Among the other projects I've been involved with is as a sideman for J.A. Deane's Out Of Context, MJane, Nacha Mendez, and others.
A closer collaboration happened some time back with drummer Ramon Lopez. A percussionist/drummer from Spain but based in Paris, Ramon contacted me out of the blue via the internet. As it turns out, here was someone else - in fact the only one else I know to my knowledge - who was also equally well-grounded and passionate for both the flamenco and free traditions. We exchanged CDs and vowed to somehow get together for a recording project.
In November 2002, I had an offer for a guitar concert in Erlbach Germany and supplemented the trip with a few gigs in Holland. In between, there was just enough time - two days - to meet with Ramon and do the project.
It was intense. We had never met before, much less played together, but being familiar with each others recorded work gave us a sense of what was possible - and neither of us were disappointed.
It is flamenco like its never been heard before - freed from strict compas but with a rhythmic vitality and groove that is as hard and earthy as anything you'd care to find.
Sadly, we haven't been able to get the CD released, but we're still hoping to do so.
As coincidence would have it, when I went to Paris again in 2009, I tired to get in contact with Ramon, but couldn't raise him. I had, however, met via the internet an interesting woodwind player named Etienne Brunet, so we got together for a session. I happened to mention Ramon, and he knew him well and also had an updated number for him, so I got to chat with him again.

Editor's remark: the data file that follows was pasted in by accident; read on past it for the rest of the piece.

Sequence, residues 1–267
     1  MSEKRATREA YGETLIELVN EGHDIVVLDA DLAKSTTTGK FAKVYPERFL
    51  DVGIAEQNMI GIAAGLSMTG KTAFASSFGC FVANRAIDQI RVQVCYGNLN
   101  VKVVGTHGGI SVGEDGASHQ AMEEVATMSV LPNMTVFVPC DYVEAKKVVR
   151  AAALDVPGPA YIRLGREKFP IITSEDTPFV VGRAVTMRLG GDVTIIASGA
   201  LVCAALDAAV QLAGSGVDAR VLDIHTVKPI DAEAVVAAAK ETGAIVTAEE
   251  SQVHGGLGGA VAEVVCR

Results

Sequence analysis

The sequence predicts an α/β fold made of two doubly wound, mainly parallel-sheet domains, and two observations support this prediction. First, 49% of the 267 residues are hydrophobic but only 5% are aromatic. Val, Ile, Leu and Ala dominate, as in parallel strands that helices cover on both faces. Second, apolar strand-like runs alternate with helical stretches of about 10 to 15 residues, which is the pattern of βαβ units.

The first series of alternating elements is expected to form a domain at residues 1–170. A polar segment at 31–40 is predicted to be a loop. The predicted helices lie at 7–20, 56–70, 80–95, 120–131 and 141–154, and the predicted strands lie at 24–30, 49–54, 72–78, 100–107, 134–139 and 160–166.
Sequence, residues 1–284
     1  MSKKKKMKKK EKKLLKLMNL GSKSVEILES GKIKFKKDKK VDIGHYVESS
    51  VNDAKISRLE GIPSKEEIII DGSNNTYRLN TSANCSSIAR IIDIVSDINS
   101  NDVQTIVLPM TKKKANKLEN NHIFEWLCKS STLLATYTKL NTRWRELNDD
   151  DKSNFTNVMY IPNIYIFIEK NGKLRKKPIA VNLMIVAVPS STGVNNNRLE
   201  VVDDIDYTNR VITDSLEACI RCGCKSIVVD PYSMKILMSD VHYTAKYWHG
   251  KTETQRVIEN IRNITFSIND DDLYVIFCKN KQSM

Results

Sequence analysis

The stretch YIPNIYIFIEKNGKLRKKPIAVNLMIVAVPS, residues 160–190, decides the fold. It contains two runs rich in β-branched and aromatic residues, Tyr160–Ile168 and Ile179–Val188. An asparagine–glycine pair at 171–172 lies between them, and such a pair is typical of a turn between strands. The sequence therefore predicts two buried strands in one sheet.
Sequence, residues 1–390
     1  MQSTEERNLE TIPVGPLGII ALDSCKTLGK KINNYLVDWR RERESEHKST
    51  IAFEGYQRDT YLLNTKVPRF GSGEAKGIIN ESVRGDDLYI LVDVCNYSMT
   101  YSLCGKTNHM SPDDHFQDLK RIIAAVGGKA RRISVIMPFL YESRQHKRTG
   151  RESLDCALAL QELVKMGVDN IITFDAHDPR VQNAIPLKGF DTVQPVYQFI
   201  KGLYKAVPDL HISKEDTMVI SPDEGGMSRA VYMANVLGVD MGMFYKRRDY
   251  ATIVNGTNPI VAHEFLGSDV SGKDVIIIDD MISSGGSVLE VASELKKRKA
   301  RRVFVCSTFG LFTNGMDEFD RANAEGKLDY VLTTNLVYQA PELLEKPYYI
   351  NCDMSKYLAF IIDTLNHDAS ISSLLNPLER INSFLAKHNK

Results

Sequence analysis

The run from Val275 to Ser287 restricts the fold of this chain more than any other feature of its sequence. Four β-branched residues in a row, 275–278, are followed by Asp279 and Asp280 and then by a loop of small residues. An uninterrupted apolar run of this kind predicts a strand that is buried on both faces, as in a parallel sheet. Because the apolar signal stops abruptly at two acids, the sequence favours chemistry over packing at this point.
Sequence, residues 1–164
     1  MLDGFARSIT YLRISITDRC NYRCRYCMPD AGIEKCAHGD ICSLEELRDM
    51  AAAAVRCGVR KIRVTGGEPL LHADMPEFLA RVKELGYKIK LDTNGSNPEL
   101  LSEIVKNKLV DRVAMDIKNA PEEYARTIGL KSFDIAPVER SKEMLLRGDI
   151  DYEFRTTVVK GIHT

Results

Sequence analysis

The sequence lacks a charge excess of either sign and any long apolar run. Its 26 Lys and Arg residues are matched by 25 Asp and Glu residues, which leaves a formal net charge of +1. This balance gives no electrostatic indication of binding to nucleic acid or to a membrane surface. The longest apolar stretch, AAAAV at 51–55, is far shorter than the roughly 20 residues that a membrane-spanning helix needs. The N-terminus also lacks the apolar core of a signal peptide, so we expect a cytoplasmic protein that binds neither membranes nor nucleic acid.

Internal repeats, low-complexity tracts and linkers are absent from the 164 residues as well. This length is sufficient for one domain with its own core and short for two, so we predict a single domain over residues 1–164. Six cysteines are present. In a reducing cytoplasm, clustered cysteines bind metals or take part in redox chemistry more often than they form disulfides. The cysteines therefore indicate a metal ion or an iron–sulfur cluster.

Etienne and I let the tape roll during our session, and the results are pretty good -- so that's two French based partnerships I'd like to pursue and get these sessions released!
I also have been doing pairings with poetess Yasmeen Najmi, an extraordinary talent. We've done a couple of things together, and it's always magical. We plan to do a full fledged evening at some point. Here's a sample:
Other ideas in the pipeline include an electric quartet (with bass, drums, trumpet) that will undertake a radical reworking of some classical and classic rock repertoire, as well as some original material.
The band will draw primarily from Led Zeppelin material and Stravinsky's "Rite Of Spring" as a springboard for further exploration. Led Zeppelin's live work brought the band close to some of the better free jazz output. This project aims to explore that connection and take that trajectory further and at the same time make the material relevant and fresh for our time, rather than a tribute or revisitation. Similarly, the motivic composition in the "Rite of Spring" lends itself particularly well to a collective improvisatory springboard.
I've also been thinking of an ultra intense Sufi metal jazz project, if the right vocalist surfaces; more solo work; and whatever else lies on the path ahead.